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In recent years, we have seen a steep hike in the use of social media, especially amongst young adults. The wide variety of social networking platforms such as Facebook, Twitter, Instagram, Snapchat, and LinkedIn seem to offer something for everyone. However, research shows that there may be a darker side to this social phenomenon.

A recent University of Pittsburgh study found depression to be correlated with increasing use of social media. Correlation is not the same as causation, and the researchers noted depression is not necessarily caused by social media. One of the researchers, Dr. Brian Primack, stated that it is likely that social media has a worsening effect on those who are already depressed. One core reason is that social media can present idealized representations of peers and their lives, which can lead to feeling dissatisfied or unhappy with one’s own life.


Using social media also has some important advantages, such as staying connected with friends/family, building a community, as well as improving social skills. In addition,  social media fluency has quickly become a sought after skill in various professions. Some social media sites provide help to those who show signs of depression in their online behaviour. For example, Tumblr redirects people to a page with mental health resources if anyone searches using terms such as “depressed” or “suicidal”. There are also various chat forums that people can access online to discuss mental health issues with other forum members who are experiencing the same issues.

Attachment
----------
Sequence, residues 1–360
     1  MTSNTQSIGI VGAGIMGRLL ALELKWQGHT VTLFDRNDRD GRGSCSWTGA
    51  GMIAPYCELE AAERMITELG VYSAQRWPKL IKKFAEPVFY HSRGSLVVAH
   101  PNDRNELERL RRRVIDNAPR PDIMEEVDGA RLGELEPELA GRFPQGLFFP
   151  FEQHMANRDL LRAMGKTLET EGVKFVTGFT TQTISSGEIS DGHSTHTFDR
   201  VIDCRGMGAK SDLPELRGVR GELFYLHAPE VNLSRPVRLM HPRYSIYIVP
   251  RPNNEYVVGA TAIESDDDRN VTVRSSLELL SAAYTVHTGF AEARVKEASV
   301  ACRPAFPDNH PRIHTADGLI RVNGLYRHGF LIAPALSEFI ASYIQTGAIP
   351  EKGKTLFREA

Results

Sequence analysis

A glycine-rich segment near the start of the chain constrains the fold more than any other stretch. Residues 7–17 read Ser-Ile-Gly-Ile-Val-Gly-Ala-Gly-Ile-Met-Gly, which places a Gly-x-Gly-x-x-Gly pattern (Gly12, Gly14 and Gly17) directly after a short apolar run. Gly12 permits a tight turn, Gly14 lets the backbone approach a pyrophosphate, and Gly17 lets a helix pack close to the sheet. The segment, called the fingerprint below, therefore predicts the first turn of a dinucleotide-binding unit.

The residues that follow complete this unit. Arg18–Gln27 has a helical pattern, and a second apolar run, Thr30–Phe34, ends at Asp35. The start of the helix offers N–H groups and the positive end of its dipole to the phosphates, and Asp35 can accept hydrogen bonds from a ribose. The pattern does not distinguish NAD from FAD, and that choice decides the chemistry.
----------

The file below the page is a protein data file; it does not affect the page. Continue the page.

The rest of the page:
Given the information above, it is clear that quitting social media is not the answer. According to Dr. Primack, there needs to be a balance between positive social media use and “redirecting from problematic use”. The latter will most likely involve the help of experts such as physicians, counsellors, and psychologists who may need to do further research on the health effects of this evolving social phenomenon so that they can help clients find a healthy balance. What is perhaps the most important is that individuals become aware of the negative impacts of using social media as well as seek help and support when they recognize the first signs of depression.


O’Keefe, G., Clarke-Pearson, K., Council on Communications and Media. (2011). The Impact of Social Media on Children, Adolescents, and Families. Pediatrics, 127. Retrieved from

Social media use associated with depression among US young adults (2016, March 22). University of Pittsburgh Schools of the Health Sciences. Retrieved from

Ye, Josh (n.d.). Pitt study links frequent social media use & depression in young adults. The Pitt News. Retrieved from

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